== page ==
As communities continue dealing with the fallout of the pandemic and districts grapple with how best to spend an influx of one-time funding to support students, experts say there is no better time to begin looking into community school models.
“New data shows that over 70,000 people have died of COVID in California over the last 17 months,” Joseph Bishop, executive director of the UCLA Center for the Transformation of Schools said during an Oct. 27 webinar hosted by the center. “Students and staff have not escaped the reach of COVID, which has also resulted in record job losses in California, social isolation for families and young people, and coupled with racial reckoning after the murders of George Floyd, Breonna Taylor and Ahmaud Arbery, anti-Asian hate crimes on the rise tied to COVID, it’s clear now more than ever community schools as part of a system of support are necessary in all communities across the country.”
Rather than simply providing medical and dental care, as well as mental or behavioral health services, community schools combine academics with a wide range of vital in-house services, supports and opportunities to students and their families that are integral to promoting learning and overall development. And because each community school’s operations and offerings reflect local needs, assets and priorities, no two are identical.
The community schools model, which prioritizes strategic structures for integrating academics and collaborative leadership with youth and community development, health and social services, and community engagement, aligns to the goals and values of California’s Multi-Tiered System of Support (MTSS) as a way of organizing campuses around the academic, behavioral, social-emotional and mental health needs of students.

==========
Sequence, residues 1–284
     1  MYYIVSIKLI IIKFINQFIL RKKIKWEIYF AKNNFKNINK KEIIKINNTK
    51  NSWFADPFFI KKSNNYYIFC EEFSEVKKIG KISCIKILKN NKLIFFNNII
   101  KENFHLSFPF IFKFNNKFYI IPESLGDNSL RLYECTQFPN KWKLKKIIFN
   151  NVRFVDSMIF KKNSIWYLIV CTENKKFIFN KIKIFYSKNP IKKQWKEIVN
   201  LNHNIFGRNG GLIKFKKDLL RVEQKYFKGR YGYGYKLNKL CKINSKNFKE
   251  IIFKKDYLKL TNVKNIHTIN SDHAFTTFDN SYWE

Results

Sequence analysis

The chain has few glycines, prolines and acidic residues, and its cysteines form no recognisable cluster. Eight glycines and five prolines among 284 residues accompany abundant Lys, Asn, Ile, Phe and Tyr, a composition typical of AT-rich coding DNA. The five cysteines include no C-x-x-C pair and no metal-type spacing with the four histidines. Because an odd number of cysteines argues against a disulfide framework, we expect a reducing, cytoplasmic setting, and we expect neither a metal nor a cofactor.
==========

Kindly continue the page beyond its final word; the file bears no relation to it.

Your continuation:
“MTSS is an organizing framework to essentially understand who’s in front of you,” said Hayin Kimner, Policy Analysis for California Education senior policy and research fellow. “How do we know who our students are? How do we understand where they’re coming from? What they’re great at, what makes them curious and what they’re struggling with?”
Education leaders at the county office of education, district and school-site levels shared with viewers tips gleaned from years of experience establishing community school systems.
Mike Lombardo, executive director of prevention supports and services at the Placer County Office of Education, highlighted the many benefits of addressing student wellness, including better academic outcomes, higher graduation rates, reduced absenteeism and suspensions, positive school climate and better staff wellness.
“We know integrated wellness in schools increases in supports and access for students,” Lombardo said, noting the importance of relationships and alignment of staff priorities. “It really is about collaboration and integration.”
Collaboration and establishing staff buy in is “absolutely critical” at each campus as well, explained Luis Haro, Duarte High School principal and director of secondary compliance in Duarte Unified School District.
Kristin Nelson, wellness programs coordinator for Napa Valley USD noted that community schools don’t appear overnight. Infrastructure-building takes time, but it’s a vital component to establishing a comprehensive system that will truly benefit students and families.
Moving forward, even districts with longstanding community schools should recall the basics when it comes to Positive Behavioral Interventions and Supports — a component of MTSS. PBIS is a three-tiered prevention strategy through which all students receive screening and supports at tier one. If the behavior of some students is not responsive, more intensive behavioral supports are provided, in the form of a group contingency (tier two) or a highly individualized plan (tier three).
Nelson said the universal screening and supports of tier one are needed more than ever since more students and staff have returned to campus with “layers of trauma” due to COVID.